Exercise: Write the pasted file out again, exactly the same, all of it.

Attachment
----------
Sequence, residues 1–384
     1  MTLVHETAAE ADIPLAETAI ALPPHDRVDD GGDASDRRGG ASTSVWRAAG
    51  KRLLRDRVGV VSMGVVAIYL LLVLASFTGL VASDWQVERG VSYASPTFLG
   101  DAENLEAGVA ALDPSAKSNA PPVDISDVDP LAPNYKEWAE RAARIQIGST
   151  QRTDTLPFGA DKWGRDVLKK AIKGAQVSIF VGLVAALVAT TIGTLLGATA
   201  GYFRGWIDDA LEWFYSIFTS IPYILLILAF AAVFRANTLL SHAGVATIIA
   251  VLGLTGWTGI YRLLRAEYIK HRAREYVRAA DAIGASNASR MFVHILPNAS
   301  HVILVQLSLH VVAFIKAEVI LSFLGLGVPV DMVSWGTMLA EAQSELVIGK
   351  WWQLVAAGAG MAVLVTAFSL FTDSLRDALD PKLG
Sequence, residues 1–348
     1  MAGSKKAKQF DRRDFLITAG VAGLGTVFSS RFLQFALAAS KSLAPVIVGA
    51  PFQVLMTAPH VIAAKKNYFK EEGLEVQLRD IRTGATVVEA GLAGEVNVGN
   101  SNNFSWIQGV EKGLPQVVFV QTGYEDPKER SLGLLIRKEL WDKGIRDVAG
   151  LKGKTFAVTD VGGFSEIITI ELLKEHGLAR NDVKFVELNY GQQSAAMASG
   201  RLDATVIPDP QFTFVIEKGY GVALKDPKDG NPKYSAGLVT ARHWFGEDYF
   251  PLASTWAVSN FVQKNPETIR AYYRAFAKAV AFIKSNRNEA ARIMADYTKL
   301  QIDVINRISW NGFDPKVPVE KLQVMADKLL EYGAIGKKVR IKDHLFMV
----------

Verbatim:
Sequence, residues 1–384
     1  MTLVHETAAE ADIPLAETAI ALPPHDRVDD GGDASDRRGG ASTSVWRAAG
    51  KRLLRDRVGV VSMGVVAIYL LLVLASFTGL VASDWQVERG VSYASPTFLG
   101  DAENLEAGVA ALDPSAKSNA PPVDISDVDP LAPNYKEWAE RAARIQIGST
   151  QRTDTLPFGA DKWGRDVLKK AIKGAQVSIF VGLVAALVAT TIGTLLGATA
   201  GYFRGWIDDA LEWFYSIFTS IPYILLILAF AAVFRANTLL SHAGVATIIA
   251  VLGLTGWTGI YRLLRAEYIK HRAREYVRAA DAIGASNASR MFVHILPNAS
   301  HVILVQLSLH VVAFIKAEVI LSFLGLGVPV DMVSWGTMLA EAQSELVIGK
   351  WWQLVAAGAG MAVLVTAFSL FTDSLRDALD PKLG
Sequence, residues 1–348
     1  MAGSKKAKQF DRRDFLITAG VAGLGTVFSS RFLQFALAAS KSLAPVIVGA
    51  PFQVLMTAPH VIAAKKNYFK EEGLEVQLRD IRTGATVVEA GLAGEVNVGN
   101  SNNFSWIQGV EKGLPQVVFV QTGYEDPKER SLGLLIRKEL WDKGIRDVAG
   151  LKGKTFAVTD VGGFSEIITI ELLKEHGLAR NDVKFVELNY GQQSAAMASG
   201  RLDATVIPDP QFTFVIEKGY GVALKDPKDG NPKYSAGLVT ARHWFGEDYF
   251  PLASTWAVSN FVQKNPETIR AYYRAFAKAV AFIKSNRNEA ARIMADYTKL
   301  QIDVINRISW NGFDPKVPVE KLQVMADKLL EYGAIGKKVR IKDHLFMV